In recent years it has become increasingly trendy to favor the legalization of recreational drugs. Proponents of drug legalization make some good arguments, citing both practical as well as increasingly popular libertarian philosophical reasons.
I am certainly sympathetic to many of those reasons. In particular I am supportive of efforts to restructure the laws to permit research into medical applications of marijuana and other drugs and to allow patients who can benefit from medical applications that are discovered to be treated under medical supervision.
I am also open to arguments advocating reforming laws related to the punishment for drug-possession related crimes.
That said, I am still firmly opposed to the legalization of recreational drugs.
In today’s zeitgeist I know that that is a very unpopular view, even among people who tend to agree with me on many other issues, but I believe it is correct.
I recently ran across an essay written by Theodore Dalrymple published in the Spring 1997 issue of the City Journal entitled “Don’t Legalize Drugs.” I’ve been a fan of the City Journal for years and have read a number of Dalrymple essays before. But this one was new to me.
Even after nearly 20 years, his arguments against drug legalization are substantial, fairly comprehensive, and resonate with me. He addresses both the flaws in the libertarian philosophical underpinnings of the argument for drug legalization, as well as some questionable assumptions in the practical arguments.
On the philosophical front, Dalrymple discusses the “Harm Principle” from John Stuart Mill’s famous essay “On Liberty,” which has become even more entrenched in recent decades than when Dalrymple addressed it. Here is an excerpt:
“In practice, of course, it is exceedingly difficult to make people take all the consequences of their own actions—as they must, if Mill’s great principle is to serve as a philosophical guide to policy. Addiction to, or regular use of, most currently prohibited drugs cannot affect only the person who takes them—and not his spouse, children, neighbors, or employers. No man, except possibly a hermit, is an island; and so it is virtually impossible for Mill’s principle to apply to any human action whatever, let alone shooting up heroin or smoking crack. Such a principle is virtually useless in determining what should or should not be permitted.
Perhaps we ought not be too harsh on Mill’s principle: it’s not clear that anyone has ever thought of a better one. But that is precisely the point. Human affairs cannot be decided by an appeal to an infallible rule, expressible in a few words, whose simple application can decide all cases, including whether drugs should be freely available to the entire adult population. Philosophical fundamentalism is not preferable to the religious variety; and because the desiderata of human life are many, and often in conflict with one another, mere philosophical inconsistency in policy—such as permitting the consumption of alcohol while outlawing cocaine—is not a sufficient argument against that policy. We all value freedom, and we all value order; sometimes we sacrifice freedom for order, and sometimes order for freedom. But once a prohibition has been removed, it is hard to restore, even when the newfound freedom proves to have been ill-conceived and socially disastrous.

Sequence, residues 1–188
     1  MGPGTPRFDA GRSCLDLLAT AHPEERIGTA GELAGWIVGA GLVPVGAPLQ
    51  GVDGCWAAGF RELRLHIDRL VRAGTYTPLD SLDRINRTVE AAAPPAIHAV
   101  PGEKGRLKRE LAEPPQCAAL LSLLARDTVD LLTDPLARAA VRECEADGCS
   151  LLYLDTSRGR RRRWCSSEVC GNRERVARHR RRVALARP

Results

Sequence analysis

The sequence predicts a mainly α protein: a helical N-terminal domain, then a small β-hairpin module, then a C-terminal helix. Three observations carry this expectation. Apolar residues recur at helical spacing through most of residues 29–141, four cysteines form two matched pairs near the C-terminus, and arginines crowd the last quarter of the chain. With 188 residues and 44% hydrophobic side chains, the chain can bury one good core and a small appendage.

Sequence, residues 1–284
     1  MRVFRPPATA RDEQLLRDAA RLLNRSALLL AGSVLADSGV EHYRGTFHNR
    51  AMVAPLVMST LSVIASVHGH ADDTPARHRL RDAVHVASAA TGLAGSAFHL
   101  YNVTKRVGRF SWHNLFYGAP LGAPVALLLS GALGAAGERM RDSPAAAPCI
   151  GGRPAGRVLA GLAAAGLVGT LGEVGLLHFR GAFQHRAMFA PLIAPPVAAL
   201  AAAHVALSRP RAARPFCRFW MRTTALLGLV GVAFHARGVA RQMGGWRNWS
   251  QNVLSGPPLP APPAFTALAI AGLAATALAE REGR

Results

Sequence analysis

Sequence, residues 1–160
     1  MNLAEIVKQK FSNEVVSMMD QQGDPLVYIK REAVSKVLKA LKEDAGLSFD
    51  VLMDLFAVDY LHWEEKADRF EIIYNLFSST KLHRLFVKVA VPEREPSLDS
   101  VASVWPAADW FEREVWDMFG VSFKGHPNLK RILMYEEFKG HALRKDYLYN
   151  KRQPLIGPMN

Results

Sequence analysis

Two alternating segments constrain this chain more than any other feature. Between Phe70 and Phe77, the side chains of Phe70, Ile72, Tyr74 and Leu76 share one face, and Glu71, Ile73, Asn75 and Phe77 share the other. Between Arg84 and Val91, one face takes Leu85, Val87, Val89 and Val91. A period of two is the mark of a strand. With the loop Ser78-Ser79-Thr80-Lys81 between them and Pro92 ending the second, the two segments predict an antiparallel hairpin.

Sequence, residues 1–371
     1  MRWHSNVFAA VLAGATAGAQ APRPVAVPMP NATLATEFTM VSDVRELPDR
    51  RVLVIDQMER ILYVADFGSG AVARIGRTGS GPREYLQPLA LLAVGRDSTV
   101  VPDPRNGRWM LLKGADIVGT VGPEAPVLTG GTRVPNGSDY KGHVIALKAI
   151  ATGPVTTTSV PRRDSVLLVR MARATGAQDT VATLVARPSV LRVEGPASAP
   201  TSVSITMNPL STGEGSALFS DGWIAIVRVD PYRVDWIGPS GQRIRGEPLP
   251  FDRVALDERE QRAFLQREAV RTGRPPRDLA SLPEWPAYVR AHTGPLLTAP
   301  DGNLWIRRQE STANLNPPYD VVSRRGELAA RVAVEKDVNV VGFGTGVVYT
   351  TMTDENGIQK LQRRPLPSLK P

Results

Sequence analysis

Even Mill came to see the limitations of his own principle as a guide for policy and to deny that all pleasures were of equal significance for human existence. It was better, he said, to be Socrates discontented than a fool satisfied. Mill acknowledged that some goals were intrinsically worthier of pursuit than others.
This being the case, not all freedoms are equal, and neither are all limitations of freedom: some are serious and some trivial. The freedom we cherish—or should cherish—is not merely that of satisfying our appetites, whatever they happen to be. We are not Dickensian Harold Skimpoles, exclaiming in protest that “Even the butterflies are free!” We are not children who chafe at restrictions because they are restrictions. And we even recognize the apparent paradox that some limitations to our freedoms have the consequence of making us freer overall. The freest man is not the one who slavishly follows his appetites and desires throughout his life—as all too many of my patients have discovered to their cost.”
I agree substantially with Dalrymple’s point, and it is one of the main reasons I am not a libertarian, even though many libertarian ideas appeal to me.
Dalrymple also points out the confusion caused by the unfortunate “War on Drugs” rhetoric. He says: “Never can an unimaginative and fundamentally stupid metaphor have exerted a more baleful effect upon proper thought.”
And he sarcastically observes:
“In claiming that prohibition, not the drugs themselves, is the problem, Nadelmann and many others—even policemen—have said that ‘the war on drugs is lost.’ But to demand a yes or no answer to the question ‘Is the war against drugs being won?’ is like demanding a yes or no answer to the question ‘Have you stopped beating your wife yet?’
Let us ask whether medicine is winning the war against death. The answer is obviously no, it isn’t winning…. If the war against drugs is lost, then so are the wars against theft, speeding, incest, fraud, rape, murder, arson, and illegal parking. Few, if any, such wars are winnable. So let us all do anything we choose.”
Dalrymple’s essay is lengthy, but it is an excellent articulation of many of my own views on the topic. Whether the arguments convince you to oppose the legalization of recreational drugs or not, it is worth your time to understand the reasonable concerns that those of us who do.
Please read the whole essay:
Don’t Legalize Drugs by Theodore Dalrymple